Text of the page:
Recently retired astronaut Chris Hadfield has predicted that humans will establish a fully functional moon colony within the next 30 to 40 years, and could establish a similar base on Mars within the next 70 years.
Hadfield, who concluded a 35-year career as an astronaut earlier this year by handing over command of the International Space Station, made the comments in a speech at London's Science Museum, explaining that such colonization was the next logical step in human exploration.
"It's a pattern we have been following for the last 70,000 years," Hadfield said. "We gradually made our way around the world. In the last 100 years we have got to Antarctica and now there are people who live there for months at a time."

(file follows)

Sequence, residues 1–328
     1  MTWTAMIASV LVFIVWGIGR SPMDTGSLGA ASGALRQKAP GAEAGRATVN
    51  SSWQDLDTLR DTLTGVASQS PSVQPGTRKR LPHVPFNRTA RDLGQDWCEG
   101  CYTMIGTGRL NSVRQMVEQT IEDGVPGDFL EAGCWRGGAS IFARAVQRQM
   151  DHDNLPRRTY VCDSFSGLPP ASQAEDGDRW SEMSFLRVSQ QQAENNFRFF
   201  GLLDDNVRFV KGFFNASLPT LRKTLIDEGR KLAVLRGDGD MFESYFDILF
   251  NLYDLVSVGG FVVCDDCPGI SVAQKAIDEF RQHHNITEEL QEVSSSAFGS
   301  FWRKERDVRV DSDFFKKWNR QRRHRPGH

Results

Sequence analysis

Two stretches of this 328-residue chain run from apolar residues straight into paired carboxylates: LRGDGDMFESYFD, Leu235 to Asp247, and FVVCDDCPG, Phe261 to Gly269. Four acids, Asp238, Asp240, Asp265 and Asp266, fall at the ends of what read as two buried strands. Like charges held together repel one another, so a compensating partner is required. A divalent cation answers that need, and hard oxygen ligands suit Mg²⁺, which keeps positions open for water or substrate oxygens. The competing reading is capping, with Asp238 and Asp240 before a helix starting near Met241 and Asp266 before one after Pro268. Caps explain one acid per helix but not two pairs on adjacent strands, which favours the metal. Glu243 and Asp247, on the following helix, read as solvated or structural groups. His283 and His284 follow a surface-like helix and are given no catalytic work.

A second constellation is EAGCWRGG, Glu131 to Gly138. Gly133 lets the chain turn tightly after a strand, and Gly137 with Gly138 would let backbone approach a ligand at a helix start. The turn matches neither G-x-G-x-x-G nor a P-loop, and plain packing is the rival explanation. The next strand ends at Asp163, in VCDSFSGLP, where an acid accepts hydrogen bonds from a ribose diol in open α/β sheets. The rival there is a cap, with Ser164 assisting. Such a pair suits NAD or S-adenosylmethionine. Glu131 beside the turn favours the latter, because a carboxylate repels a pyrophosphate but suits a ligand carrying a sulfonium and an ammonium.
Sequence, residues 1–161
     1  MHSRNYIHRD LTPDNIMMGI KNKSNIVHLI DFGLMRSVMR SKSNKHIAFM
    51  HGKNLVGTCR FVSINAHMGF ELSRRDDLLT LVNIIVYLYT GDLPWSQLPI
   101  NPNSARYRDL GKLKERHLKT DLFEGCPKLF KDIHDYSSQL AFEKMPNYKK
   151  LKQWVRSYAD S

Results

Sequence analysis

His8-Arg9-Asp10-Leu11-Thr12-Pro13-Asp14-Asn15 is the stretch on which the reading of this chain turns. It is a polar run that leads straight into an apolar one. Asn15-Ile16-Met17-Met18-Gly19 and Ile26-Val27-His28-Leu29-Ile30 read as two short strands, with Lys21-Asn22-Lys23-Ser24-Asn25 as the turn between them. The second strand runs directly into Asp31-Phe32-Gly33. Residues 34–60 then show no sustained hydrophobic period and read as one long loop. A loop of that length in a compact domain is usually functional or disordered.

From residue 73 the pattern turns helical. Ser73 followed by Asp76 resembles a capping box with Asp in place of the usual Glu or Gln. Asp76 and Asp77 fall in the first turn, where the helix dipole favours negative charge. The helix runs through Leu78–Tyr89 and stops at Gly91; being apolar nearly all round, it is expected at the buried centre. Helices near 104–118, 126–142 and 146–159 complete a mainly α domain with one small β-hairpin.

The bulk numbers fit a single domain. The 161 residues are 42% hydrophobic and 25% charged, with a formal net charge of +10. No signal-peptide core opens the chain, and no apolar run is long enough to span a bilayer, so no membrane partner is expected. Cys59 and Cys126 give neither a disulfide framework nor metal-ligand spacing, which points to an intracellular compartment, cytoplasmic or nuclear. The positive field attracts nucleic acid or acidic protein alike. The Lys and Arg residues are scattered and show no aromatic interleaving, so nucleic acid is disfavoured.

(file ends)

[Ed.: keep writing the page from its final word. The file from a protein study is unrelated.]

"The next logical step is to go the Moon. I am really hoping that within my lifetime we will start living on the Moon," Hadfield said later in his speech, adding "We have found out in the last couple of weeks that there is water in the soil of Mars. So I am also really hoping that in the lifetime of our children we will be able to start digging that up that on Mars as well."
Hadfield also expressed the belief that a permanent moon base would involve contributions from China and India. Both nations have seen their space program make strides this year, with China's first lunar rover making a successful soft landing over the weekend and Beijing's government expressing their intent to launch the first manned lunar missions since NASA's Apollo program in the 1960s and 1970s.
Hadfield praised China's successful lunar mission as a "great step forward ... It's extremely complex and demanding to land something on the Moon."